Now, let’s move to the balancing measures – as I mentioned, balancing measures are not always necessary, but if you think about balancing measures it’s almost like a teeter-totter, and you want to find out if in fact we are keeping the system in balance or if it’s teetering one way or the other. Balancing measures are things that you want to make sure you understand that reflect whether or not the system is being disturbed. For example, let’s imagine that volume of admissions went down – what effect would that have on the number of falls? Well, most likely, if the volume of patients coming into the system went down, the likelihood that you might see a drop in falls as well, just because there’s fewer people in the hospital, people can attend to those that are admitted, and watch them more vigilantly. So, balancing measures are there to help you make sure that you’re not disturbing another part of the system, or making an assumption about a change in the system, when in fact it wasn’t due to anything you did, but because of something you hadn’t been observing. Balancing measures are typically dealing with volume, sometimes they deal with financial, they can deal with flow, throughput, turnaround time, a variety of things we look at as balancing measures, but again they aren’t as essential as having your outcome and process measures. By in large, what you’re going to have, are a few of these outcome measures. You’re going to have more of these process measures, there’s going to be more of these. Why? Because there’s more processes involved effecting a single outcome. And then again, you’re going to have a smaller number of balancing measures if you decide they’re relevant.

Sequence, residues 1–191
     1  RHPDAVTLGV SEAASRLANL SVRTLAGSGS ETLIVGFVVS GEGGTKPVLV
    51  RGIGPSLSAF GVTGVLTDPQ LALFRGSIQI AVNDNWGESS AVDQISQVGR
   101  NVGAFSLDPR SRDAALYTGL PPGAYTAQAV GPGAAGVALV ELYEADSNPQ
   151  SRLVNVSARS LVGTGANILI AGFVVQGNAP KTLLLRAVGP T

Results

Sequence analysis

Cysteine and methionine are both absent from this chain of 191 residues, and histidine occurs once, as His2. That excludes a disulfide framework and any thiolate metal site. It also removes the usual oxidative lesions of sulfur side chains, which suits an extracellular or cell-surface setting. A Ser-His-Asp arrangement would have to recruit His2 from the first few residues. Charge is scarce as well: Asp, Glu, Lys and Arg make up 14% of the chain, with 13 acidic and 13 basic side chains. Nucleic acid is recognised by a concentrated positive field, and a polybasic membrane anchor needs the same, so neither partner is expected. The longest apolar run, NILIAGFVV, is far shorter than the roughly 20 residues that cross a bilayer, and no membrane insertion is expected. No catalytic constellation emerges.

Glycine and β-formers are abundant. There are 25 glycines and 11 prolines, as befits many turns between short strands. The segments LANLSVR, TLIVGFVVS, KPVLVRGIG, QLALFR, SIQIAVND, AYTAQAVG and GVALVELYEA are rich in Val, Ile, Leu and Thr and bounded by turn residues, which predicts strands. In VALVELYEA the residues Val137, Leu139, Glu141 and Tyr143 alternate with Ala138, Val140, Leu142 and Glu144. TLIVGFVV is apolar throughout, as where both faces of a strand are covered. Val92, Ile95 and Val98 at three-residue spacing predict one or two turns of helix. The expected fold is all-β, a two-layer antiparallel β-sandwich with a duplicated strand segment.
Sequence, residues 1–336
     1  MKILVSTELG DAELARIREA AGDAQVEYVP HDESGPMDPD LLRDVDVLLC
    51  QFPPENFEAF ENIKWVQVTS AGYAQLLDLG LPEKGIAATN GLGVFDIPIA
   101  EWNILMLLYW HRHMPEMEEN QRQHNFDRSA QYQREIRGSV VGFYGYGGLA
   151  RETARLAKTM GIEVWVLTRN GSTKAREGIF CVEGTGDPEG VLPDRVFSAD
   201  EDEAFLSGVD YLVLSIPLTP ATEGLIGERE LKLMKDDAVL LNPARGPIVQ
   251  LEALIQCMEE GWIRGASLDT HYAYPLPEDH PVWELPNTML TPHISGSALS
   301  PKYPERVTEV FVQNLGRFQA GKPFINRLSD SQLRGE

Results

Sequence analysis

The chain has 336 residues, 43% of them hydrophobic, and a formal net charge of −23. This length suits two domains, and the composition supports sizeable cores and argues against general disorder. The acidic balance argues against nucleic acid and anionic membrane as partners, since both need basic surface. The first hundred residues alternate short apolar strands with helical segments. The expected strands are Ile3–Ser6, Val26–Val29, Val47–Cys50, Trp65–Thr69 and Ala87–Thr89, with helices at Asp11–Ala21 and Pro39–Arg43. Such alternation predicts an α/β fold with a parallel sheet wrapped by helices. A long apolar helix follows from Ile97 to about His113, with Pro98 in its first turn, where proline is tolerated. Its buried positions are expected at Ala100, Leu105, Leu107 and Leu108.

Now, the final thing that’s important to realize is that each of these measures should then be tracked on its own run chart, or control chart. So, if we looked at the number of falls, and we did it by week - week one, week two, week three, and week one, let’s say zero to twenty falls, week one we saw eight falls, week two we say twelve falls, week three we saw five falls. We would want to make sure that we’re linking someway to analyze our data through a run or control chart so that we can track each of our measures that are processes and each that are outcomes. Final thing is that you’ve got to be aware of the fact that the process measures are going to change much more quickly, and in a shorter period of time then your outcome. So you may be working on falls assessments, and get one-hundred percent of all patients reviewed and assessed, but falls aren’t declining because assessment alone is not enough to drive the outcome measure. So, what you need to do is be able to track all of your process measures, realizing full well that they’re going to change faster than your outcome. It’s that time ordering that often times people don’t realize – outcomes change more slowly than process measures.

Hopefully this will help to get you started on thinking about outcome process and balancing measures, a family of measures.